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this work to start to move in a more efficient means and they know the results of that will be great for them. so the limbs is coming on board. the communication is another important element brought out to the report communicating with all stakeholders. the lab communicates with the results and with the stakeholders with their needs through several stakeholder meetings that take place under the direction of right now the captain of forensic and the crime lab manager, but also has worked to bring on board the [inaudible] outcome project which reports out the results of samples that are submitted to the fbi coda system so we brought a lot of technology we have existing to
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make sure we're pushing out information in a more response manner and lastly to speak to the heart of the report which is about the leadership question, and for the city to really take advantage of what has been presented to us the police department knows there's further analysis needed and i think that's what the mayor's response reflected of how we manage this asset. however, there is no question and we are moving forward on the leadership being science lead. the report that referenced 2009 report and the industry itself has wrestled with this question of how shall we manage this asset? how does it best serve all the stakeholders? houston, washington, d.c. and detroit were the three agencies that i am aware of that attempted the move away from law enforcement and a district attorney or other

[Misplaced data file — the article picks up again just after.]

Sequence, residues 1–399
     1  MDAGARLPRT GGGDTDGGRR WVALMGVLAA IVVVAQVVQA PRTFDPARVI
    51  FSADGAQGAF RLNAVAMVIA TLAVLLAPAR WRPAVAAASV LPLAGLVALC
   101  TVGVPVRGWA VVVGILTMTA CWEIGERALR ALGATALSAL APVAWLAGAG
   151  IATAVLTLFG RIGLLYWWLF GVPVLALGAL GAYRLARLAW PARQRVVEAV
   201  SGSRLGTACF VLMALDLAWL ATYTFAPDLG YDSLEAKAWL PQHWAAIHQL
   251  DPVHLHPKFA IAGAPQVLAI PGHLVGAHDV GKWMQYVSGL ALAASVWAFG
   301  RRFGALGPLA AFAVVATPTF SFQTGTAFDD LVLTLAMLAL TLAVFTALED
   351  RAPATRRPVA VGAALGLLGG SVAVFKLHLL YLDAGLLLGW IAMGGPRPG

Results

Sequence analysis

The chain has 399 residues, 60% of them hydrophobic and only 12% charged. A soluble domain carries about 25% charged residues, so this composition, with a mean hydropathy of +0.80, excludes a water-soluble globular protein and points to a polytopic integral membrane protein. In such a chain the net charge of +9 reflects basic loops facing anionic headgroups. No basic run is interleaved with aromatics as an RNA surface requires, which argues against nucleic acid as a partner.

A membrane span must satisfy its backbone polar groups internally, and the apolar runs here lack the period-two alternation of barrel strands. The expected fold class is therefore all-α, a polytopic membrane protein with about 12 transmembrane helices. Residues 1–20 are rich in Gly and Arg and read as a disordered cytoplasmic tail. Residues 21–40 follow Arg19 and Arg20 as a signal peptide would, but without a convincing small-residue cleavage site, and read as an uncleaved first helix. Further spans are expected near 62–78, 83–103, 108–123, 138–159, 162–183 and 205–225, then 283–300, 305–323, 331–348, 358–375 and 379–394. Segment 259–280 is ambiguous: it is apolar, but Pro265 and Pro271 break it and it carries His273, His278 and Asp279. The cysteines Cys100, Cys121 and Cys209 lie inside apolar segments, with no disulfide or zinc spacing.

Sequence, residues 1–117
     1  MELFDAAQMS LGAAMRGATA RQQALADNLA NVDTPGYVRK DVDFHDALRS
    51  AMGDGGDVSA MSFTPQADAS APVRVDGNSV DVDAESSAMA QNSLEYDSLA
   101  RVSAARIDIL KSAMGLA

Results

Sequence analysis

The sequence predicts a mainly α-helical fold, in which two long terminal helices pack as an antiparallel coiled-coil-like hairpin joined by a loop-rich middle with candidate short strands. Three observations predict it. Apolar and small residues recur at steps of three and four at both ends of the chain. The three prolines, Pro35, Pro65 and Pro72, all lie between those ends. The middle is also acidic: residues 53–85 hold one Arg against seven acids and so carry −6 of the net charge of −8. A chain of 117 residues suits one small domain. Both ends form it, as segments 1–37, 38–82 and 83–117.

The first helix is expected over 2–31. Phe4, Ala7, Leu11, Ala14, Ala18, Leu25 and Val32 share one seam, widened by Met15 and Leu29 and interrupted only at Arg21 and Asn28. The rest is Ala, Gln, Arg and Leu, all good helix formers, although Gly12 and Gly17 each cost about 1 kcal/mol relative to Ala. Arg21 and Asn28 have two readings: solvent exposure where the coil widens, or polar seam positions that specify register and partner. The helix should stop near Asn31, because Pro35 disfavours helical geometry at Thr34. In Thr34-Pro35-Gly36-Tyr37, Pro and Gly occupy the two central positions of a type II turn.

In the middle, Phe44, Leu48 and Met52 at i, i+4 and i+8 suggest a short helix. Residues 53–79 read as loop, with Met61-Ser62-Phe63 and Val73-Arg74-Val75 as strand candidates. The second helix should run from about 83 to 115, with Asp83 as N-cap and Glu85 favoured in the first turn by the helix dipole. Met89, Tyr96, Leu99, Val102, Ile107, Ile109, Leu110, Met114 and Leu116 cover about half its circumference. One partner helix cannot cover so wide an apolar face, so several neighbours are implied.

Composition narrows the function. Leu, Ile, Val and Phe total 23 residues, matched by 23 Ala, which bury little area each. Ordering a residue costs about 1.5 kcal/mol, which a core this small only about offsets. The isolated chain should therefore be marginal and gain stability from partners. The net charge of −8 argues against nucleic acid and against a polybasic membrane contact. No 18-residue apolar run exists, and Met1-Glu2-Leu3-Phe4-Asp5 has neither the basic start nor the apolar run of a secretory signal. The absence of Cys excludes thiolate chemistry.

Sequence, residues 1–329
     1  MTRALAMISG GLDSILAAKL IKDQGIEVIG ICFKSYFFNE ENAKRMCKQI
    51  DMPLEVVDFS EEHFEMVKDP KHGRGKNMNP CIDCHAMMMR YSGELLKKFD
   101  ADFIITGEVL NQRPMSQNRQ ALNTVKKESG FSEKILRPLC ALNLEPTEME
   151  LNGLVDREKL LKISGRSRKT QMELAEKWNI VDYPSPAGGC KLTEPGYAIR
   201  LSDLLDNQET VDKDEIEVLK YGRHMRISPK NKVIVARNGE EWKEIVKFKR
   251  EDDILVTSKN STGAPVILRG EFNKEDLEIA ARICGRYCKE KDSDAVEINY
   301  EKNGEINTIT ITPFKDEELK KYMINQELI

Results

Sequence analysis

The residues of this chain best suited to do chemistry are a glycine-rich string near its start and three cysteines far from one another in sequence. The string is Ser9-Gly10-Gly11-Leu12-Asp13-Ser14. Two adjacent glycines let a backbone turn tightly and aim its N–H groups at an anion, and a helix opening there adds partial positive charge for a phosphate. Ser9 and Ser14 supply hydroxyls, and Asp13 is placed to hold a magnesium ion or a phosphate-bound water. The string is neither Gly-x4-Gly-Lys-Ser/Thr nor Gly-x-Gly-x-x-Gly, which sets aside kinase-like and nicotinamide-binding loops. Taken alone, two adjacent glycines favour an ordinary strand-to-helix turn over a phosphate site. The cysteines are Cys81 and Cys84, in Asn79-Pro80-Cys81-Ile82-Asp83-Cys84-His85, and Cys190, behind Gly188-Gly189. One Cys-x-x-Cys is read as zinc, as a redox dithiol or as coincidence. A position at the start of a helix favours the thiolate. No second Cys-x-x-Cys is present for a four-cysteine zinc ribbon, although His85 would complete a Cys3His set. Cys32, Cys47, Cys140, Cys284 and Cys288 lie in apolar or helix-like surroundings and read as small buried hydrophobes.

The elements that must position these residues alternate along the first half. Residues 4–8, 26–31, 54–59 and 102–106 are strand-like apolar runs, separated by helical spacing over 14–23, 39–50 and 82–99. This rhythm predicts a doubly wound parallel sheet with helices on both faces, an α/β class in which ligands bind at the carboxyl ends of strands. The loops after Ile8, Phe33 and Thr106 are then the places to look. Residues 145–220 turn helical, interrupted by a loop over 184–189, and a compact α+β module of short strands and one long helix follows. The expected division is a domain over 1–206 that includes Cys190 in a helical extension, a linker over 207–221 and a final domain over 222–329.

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management. detroit want attempted it and not successful. they found so many issues with the model they went back to the model they had. washington, d.c. has had mixed results, still weighing and i don't know how they will come down on that. houston continues forward and there are issues with it. it is certainly something that is discussed nationally as the industry you know advances. science is developing so quickly though we know the one thing we need and that is a forensic services director who is scienced based and have the skill set to manage a big city asset like this. >> that's the first step of the grand jury's recommendation. >> right. we have been working with the department of human resources. we have selected a search agency and we are under going oi search for a director to lead the crime lab